Fossil Files: My .Emacs

Last week, I wrote about cargo culting in a much more general context, so this week I’m going to come clean. The file that had me thinking about the topic was the worst case you’ve probably ever seen: I have a .emacs file kicking around that I haven’t really understood since I copied it from someone else – probably Ben Scarlet whose name is enshrined therein – in the computer lab in 1994! Yes, my .emacs file is nearly 30, and I still don’t really understand it, not exactly.

Now in my defence, I switched up to vim as my main editor a few years ago, but this one file has seen duty on Pentiums running pre-1.0 versions of Linux, on IBM RS/6000 machines in the aforementioned computer lab, and on a series of laptops and desktops that I’ve owned over the years. It got me through undergrad, grad school, and a decade of work. It has served me well. And if I fired up emacs right now, it would still be here.

For those of you out there who don’t use emacs, the .emacs file is a configuration file. It says how to interpret different files based on their extensions, defines some special key combos, and perhaps most importantly, defines how code syntax highlighting works. It’s basically all of the idiosyncratic look-and-feel stuff in emacs, and it’s what makes my emacs mine. But I don’t understand it.

Why? Because it’s written in LISP, for GNU’s sake, and because it references all manner of cryptic internal variables that emacs uses under the hood. I’m absolutely not saying that I haven’t tweaked some of the colors around, or monkey-patched something in here or there, but the extent is always limited to whatever I can get away with, without having to really learn LISP.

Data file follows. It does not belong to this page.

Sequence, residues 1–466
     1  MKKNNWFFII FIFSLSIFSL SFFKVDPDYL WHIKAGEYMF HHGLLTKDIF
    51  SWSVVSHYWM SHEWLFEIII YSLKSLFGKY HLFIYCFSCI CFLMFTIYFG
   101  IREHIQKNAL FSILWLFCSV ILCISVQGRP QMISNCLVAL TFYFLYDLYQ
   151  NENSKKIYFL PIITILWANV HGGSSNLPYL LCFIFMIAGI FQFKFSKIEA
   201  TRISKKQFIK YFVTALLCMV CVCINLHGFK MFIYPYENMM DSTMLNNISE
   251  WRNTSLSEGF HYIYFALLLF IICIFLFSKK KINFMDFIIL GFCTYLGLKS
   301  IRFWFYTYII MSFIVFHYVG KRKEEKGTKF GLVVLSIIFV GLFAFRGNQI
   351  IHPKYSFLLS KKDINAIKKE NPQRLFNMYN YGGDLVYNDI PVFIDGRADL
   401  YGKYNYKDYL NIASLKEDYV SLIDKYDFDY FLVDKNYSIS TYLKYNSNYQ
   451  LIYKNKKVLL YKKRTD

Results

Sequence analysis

This ancient fossil of a file is testament to two things. The emacs codebase has been stable enough that it still works after all this time, but also that emacs is so damn complicated and written in an obscure enough language that I have never put the time in to really grok it – the barriers are too high and the payoff for the effort too low. I have no doubt that I could figure it out for real, but I just haven’t.

So I just schlep this file around, from computer to computer, without understanding it and without particularly wanting to. Except now that I write this. Damnit.

Featured image: “A Dusty Old Book” by Marco Verch Professional.

Create A Compiler Step-By-Step

While JavaScript might not be the ideal language to write a production compiler, you might enjoy the “Create Your Own Compiler” tutorial that does an annotated walkthrough of “The Super Tiny Compiler” and teaches you the basics of writing a compiler from scratch.

The super tiny compiler itself is about 200 lines of code. The source code is well, over 1,000 but that’s because of the literate programming comments. The fancy title comments are about half as large as the actual compiler.

The compiler’s goal is to take Lisp-style functions and convert them to equivalent C-style function calls. For example: (add 5 (subtract 3 1) would become add(5,subtract(3,1)).

Of course, there are several shortcut methods you could use to do this pretty easily, but the compiler uses a structure like most full-blown modern compilers. There is a parser, an abstract representation phase, and code generation.

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Lisp In 436 Bytes